The 8 Parts of Western Saddle You Should Know

Looking at a horse saddle, have you ever wondered why there are so many parts in just a small thing?

Well, this article will tell you how to name all parts of a Western saddle, what they are for, and how to select the right size saddle for you and your dear horse.

Parts of a Western saddle


1. The tree

The tree is considered the “skeleton” of a saddle. Other subsequent parts of the saddle are built upon the design of the tree.

The function of a saddle tree is to distribute the rider’s weight equally when he is on the horse’s back. This will help avoid pressure points and bring comfort to the horse.

The tree is important as it greatly contributes to the safety and longevity of the saddle. Conversely, a poor-quality tree means a poor-quality saddle.

Different types of the Western saddle tree

Traditional trees are usually made of wood. The best wood to use is often Western pine or Lodgepole pine. Saddle trees can also be made of synthetic materials, such as plastic, fiberglass, or Ralide.


Plastic saddle tree – Fiberglass saddle tree – Ralide saddle tree

  • Plastic saddle trees are much lighter than wood trees. This type of tree is perfect for long trails and endurance. However, after about 7 years, it can turn brittle and crack. Once cracked, it can’t be repaired. Additionally, it can’t hold nails, staples, or screws well.
  • Fiberglass is tough and rigid, so fiberglass saddle trees can get stress fractures after using 2-3 years. However, nowadays, many fiberglass trees are long-lasting thanks to the advancement of technology.
  • Ralide saddle trees are very strong and durable. This material is the best of all synthetics. However, this type is not as flexible as wood and is made with molds: no nails or screw-on Ralide trees.

Part of the Western saddle tree

The tree consists of 5 parts: 2 bars, 1 fork, 1 cantle, and 1 horn.


  • The 2 bars

The 2 bars are the internal structure that runs parallel down the length of the saddle. The most directly impact the horse’s back. They distribute the weight of the rider over the horse.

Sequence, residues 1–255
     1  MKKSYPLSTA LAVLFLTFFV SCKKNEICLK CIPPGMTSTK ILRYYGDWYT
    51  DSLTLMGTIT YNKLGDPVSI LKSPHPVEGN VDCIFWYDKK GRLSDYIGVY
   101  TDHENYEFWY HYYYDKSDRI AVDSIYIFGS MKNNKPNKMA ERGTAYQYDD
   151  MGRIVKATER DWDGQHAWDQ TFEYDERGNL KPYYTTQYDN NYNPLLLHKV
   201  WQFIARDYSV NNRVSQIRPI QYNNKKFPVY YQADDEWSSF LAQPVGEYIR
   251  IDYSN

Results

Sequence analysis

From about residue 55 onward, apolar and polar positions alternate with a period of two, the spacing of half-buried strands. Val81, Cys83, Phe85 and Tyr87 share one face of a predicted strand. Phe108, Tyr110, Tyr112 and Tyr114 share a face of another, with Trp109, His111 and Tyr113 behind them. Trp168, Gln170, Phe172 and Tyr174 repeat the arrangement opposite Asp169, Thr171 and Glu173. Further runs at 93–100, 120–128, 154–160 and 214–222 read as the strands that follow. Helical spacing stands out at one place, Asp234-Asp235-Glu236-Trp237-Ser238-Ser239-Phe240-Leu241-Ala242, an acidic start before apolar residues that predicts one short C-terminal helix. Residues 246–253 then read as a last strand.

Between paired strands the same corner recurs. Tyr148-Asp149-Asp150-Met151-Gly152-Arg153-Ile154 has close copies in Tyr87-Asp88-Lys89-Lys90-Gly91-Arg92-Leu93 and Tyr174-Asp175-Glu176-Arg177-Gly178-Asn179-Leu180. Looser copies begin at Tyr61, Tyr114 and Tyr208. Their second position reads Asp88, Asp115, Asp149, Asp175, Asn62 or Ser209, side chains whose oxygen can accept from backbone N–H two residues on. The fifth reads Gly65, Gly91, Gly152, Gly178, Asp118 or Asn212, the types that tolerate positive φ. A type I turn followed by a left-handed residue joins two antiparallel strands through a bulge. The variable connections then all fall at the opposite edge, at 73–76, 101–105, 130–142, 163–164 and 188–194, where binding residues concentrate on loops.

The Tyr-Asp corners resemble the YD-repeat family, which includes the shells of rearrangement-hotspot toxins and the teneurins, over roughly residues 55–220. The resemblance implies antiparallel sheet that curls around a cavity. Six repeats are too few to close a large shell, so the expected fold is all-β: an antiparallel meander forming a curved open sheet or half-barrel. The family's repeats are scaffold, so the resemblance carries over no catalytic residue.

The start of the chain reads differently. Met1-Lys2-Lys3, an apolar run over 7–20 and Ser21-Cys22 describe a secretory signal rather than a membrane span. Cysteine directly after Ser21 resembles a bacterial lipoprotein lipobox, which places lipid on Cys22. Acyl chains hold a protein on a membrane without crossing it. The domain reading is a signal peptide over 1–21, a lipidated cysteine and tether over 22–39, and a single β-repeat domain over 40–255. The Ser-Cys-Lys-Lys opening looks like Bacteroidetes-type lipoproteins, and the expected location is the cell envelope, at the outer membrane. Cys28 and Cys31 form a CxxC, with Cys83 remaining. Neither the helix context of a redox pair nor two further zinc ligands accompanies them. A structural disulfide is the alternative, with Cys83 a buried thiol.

They are located inside the saddle. Therefore, you can only see them when you completely take the saddle apart.

  • The fork (swell, pommel)

A fork holds the bars together at the front of a saddle and somehow provides protection when riding. Indeed, when the riders are thrown forward, the fork will keep them in the saddle.

The fork is also helpful in moving or lifting a saddle as the rider can grab the fork and the back of the saddle to put in on the horses’ back.

Especially in Western saddles, it serves as a base for the saddle horn.

  • The cantle

The cantle holds the bars together at the back of a saddle. It locates like an anchor for the tree in the rear of the saddle.

Like the fork, the cantle provides additional support to the rider. Sometimes, it can stabilize the riders from the back when riding.

According to the purpose, it can be higher or lower.

A higher cantle can support the rider’s back and keep him in his seat when the horse twists and turns in barrel racing.

Meanwhile, a lower cantle can benefit the rider in dismounting the horse quickly during roping.

  • The horn

The horn is the key thing to identify a Western saddle. It is on top of the fork on the front of the saddle.

It provides extra support for the riders, like stabilizing them when getting on or off the horse. Also, it is used as a place for lassos and other equipment.

Depending on the purpose of the saddle, the horn can have different sizes.

For example, a larger horn can support a rope and other equipment of a roping saddle. Or, a smaller horn that slants forward tends to be used in barrel racing as the rider will lean forward and hold it for support.